ISBN : 9780199547852
Since its first appearance in 1991, The European Reformation has offered a clear, integrated, and coherent analysis and explanation of how Christianity in Western and Central Europe from Iceland to Hungary, from the Baltic to the Pyrenees splintered into separate Protestant and Catholic identities and movements. Catholic Christianity at the end of the Middle Ages was not at all a uniformly 'decadent' or corrupt institution: it showed clear signs of cultural vigour and inventiveness. However, it was vulnerable to a particular kind of criticism, if ever its claims to mediate the grace of God to believers were challenged. Martin Luther proposed a radically new insight into how God forgives human sin. In this new theological vision, rituals did not 'purify' people; priests did not need to be set apart from the ordinary community; the church needed no longer to be an international body. For a critical 'Reformation moment', this idea caught fire in the spiritual, political, and community life of much of Europe. Lay people seized hold of the instruments of spiritual authority, and transformed religion into something simpler, more local, more rooted in their own community. So were born the many cultures, liturgies, musical traditions and prayer lives of the countries of Protestant Europe. This new edition embraces and responds to developments in scholarship over the past twenty years. Substantially re-written and updated, with both a thorough revision of the text and fully updated references and bibliography, it nevertheless preserves the distinctive features of the original, including its clearly thought-out integration of theological ideas and political cultures, helping to bridge the gap between theological and social history, and the use of helpful charts and tables that made the original so easy to use.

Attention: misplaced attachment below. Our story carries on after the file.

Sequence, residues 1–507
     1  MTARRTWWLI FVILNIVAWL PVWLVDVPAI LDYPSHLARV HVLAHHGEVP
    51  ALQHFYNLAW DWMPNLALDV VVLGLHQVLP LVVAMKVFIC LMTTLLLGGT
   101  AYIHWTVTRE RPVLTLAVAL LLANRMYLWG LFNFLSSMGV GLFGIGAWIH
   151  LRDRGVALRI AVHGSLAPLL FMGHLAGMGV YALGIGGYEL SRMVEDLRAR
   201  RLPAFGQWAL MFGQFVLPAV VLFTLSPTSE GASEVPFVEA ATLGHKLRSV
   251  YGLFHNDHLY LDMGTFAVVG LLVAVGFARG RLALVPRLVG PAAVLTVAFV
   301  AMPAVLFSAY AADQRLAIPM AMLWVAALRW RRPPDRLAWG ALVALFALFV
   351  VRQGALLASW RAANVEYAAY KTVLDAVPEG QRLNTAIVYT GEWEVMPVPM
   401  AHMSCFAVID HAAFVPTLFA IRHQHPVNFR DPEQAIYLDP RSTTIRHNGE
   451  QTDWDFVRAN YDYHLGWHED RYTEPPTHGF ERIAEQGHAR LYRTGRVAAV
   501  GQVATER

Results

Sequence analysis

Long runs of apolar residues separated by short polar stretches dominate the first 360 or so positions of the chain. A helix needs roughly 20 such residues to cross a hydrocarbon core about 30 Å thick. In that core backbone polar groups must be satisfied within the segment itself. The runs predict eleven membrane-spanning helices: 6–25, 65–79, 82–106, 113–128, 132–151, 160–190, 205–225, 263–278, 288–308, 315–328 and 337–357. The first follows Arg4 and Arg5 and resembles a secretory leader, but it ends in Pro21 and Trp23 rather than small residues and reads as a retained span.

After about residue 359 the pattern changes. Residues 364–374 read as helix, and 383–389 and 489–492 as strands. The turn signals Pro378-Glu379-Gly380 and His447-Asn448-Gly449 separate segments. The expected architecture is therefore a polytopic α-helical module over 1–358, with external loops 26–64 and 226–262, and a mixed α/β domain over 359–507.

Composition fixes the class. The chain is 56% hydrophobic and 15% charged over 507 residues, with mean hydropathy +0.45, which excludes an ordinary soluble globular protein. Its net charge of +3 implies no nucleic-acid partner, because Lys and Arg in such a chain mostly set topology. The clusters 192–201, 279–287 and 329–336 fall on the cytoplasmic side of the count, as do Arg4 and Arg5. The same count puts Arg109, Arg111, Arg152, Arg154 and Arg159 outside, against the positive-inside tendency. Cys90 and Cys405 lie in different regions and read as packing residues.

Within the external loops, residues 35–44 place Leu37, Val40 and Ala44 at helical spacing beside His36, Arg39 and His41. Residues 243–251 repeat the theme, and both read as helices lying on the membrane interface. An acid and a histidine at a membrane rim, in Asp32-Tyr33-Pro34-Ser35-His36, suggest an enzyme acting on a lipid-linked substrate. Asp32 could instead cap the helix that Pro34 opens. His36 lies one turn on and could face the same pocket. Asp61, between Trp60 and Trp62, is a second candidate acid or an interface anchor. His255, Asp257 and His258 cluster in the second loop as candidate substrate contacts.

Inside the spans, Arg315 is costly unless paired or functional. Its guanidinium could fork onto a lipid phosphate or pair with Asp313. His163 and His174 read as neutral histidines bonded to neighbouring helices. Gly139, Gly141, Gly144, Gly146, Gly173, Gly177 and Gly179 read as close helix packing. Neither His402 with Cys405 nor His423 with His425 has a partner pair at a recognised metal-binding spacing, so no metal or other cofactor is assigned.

Introduction: The Reformation and Europe
PART I: THE BACKGROUND
1. The Religion of the People of Europe
2. The Vulnerability of the Church
3. 'Reform' from Within and its Limits
4. Challenges from Outside and their Limits
5. Heresy: An Alternative Church?
6. The Church and the Christian Soul
PART II: THE REFORMERS AND THEIR MESSAGE
7. The 'Luther-Affair' and its Context
8. The Conversions of the Reformers
9. Rejections of Reform
10. The Reformers' Message: Salvation
11. The Reformers' Message: Scripture
12. The Reformers' Message: The Church
13. The Reformers' Message: Sacraments
PART III: ESTABLISHING THE REFORMED CHURCHES
14. Unsuccessful 'Affiliations' to the Reformed Cause
15. Self-Governing Towns and Cities
16. Principalities and Kingdoms
17. Motives for Establishing the Reformation?
PART IV: BEYOND THE 'REFORMATION MOMENT': FROM TEMPORARY COALITIONS TO GROWING COMMUNITIES
18. Voluntary, Gathered Movements Reject the 'Coalition'
19. Crisis, Survival, and Compromise in Politics
20. Reformers at Odds: The 'Confessional' Reformation
21. Reformers and Laypeople: Building a Religious Culture
Abbreviations Used in the Notes
Suggestions for Further Reading